Massie also noted there was an increase in people who signed up for subscriptions to Grounded Earth Farm during the summer months as Hoosiers sought to secure a food supply.
Through community-supported agriculture, or CSAs, people can buy a subscription to receive a share of a farm’s harvest. After paying upfront at the beginning of the year, families receive a weekly delivery or pickup of produce as vegetables come into season and are harvested by the farm.
“Once the pandemic picked up, we sold out right away,” Massie said. “We probably could have doubled our membership if we wanted to, but we couldn’t, just because of our size.”
She started a waiting list in 2020 that spilled into the new year.
“I think (people are) starting to realize that in order to make sure that you are secure, we have to have these localized relationships again,” Massie said.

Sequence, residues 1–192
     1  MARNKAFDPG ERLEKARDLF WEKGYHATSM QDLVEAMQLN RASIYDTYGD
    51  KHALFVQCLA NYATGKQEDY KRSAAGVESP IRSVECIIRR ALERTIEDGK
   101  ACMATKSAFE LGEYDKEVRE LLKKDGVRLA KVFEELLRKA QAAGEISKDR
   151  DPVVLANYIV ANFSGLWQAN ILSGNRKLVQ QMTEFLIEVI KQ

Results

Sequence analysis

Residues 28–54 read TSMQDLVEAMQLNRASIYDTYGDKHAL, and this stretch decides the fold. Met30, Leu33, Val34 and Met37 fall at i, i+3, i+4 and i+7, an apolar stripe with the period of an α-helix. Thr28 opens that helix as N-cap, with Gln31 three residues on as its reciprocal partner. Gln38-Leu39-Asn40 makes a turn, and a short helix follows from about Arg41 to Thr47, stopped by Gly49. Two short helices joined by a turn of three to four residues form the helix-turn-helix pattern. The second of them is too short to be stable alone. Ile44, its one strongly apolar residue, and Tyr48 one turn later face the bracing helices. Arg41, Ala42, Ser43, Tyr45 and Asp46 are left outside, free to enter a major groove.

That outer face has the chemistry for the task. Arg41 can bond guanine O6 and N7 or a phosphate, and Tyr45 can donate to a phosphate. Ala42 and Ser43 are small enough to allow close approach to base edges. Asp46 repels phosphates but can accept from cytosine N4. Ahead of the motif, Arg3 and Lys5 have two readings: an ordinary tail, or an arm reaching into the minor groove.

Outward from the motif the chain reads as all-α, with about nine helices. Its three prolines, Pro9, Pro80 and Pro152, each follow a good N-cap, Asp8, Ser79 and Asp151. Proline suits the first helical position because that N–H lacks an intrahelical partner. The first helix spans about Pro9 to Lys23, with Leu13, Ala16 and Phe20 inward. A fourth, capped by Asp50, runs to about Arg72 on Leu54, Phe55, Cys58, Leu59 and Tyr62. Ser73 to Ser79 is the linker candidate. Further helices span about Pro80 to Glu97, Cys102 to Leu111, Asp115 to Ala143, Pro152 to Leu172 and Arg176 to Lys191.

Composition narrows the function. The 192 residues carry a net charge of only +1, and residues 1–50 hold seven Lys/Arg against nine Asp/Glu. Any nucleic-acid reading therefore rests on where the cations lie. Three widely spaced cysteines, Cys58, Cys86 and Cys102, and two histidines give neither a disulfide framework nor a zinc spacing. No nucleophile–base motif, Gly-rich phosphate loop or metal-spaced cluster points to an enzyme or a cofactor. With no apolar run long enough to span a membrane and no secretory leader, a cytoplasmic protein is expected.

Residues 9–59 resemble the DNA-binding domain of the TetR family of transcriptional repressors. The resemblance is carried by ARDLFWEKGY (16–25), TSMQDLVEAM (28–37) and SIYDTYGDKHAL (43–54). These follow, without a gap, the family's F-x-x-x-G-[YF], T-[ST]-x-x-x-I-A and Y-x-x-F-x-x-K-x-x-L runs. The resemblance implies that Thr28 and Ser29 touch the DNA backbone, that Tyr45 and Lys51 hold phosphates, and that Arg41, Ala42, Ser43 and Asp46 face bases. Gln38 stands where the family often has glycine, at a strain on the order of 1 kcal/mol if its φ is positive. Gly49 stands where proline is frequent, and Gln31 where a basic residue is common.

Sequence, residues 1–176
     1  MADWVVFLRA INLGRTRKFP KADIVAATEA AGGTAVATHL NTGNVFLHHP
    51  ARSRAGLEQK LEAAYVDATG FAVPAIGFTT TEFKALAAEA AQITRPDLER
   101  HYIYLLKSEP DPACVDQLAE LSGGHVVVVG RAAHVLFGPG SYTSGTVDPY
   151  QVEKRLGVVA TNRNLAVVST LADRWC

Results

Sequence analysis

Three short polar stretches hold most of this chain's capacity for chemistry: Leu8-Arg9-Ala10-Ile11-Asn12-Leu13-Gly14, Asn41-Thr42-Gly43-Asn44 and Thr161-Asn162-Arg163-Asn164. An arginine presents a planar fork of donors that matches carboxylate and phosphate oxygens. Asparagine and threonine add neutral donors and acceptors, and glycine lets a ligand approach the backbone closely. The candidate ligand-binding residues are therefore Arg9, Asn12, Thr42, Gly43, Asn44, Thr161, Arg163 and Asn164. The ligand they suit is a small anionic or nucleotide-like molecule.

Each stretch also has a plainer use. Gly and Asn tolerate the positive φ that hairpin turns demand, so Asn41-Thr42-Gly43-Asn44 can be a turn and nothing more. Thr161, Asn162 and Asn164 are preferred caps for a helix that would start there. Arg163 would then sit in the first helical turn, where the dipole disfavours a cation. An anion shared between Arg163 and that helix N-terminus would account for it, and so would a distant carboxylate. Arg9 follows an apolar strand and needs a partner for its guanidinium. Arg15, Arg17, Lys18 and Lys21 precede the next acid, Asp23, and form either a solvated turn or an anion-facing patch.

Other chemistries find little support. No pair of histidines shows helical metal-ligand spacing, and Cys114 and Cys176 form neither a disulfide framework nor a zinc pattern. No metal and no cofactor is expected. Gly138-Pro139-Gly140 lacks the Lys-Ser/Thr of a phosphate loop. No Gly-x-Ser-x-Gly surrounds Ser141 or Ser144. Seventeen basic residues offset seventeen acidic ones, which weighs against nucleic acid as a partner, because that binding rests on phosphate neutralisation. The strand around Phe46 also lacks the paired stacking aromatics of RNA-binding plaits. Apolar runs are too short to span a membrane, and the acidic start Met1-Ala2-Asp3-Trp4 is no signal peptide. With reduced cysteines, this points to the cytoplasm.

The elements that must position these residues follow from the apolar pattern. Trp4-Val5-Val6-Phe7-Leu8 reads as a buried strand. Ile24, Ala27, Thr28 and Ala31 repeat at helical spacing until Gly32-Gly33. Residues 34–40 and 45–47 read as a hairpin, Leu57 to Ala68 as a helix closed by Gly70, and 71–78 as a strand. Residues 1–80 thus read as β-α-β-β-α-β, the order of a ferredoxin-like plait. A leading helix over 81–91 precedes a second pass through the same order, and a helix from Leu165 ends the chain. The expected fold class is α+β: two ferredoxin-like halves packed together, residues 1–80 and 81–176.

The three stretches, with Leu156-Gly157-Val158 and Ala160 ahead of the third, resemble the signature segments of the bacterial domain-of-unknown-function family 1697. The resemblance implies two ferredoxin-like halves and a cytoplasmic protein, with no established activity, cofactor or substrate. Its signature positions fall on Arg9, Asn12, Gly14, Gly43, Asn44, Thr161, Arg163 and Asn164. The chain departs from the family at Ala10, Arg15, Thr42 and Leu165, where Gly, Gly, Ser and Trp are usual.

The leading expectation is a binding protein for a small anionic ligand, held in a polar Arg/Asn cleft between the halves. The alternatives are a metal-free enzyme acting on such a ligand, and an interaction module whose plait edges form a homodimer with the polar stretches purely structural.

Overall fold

Massie said several customers who have health issues were able to avoid going to the grocery store when the pandemic started by ordering through farmers and picking up with either no contact or safe contact.
In addition to creating curbside pickup services, Massie said farmers were able to assess areas in which they could assist their community and took action.
“A lot of farmers, when they saw this was happening and that the supply chains were breaking down and grocery store shelves were empty, a lot of them put in extra refrigerated space, invested more into their farms, expanded what they were growing and really tried to expand their businesses to help their communities out,” Massie said.
Mylese Tucker, owner of Nature’s Cupboard, with locations in Michigan City and Chesterton, said she, too, saw an increase in business at the beginning of the pandemic, but has seen sales return to a normal pace.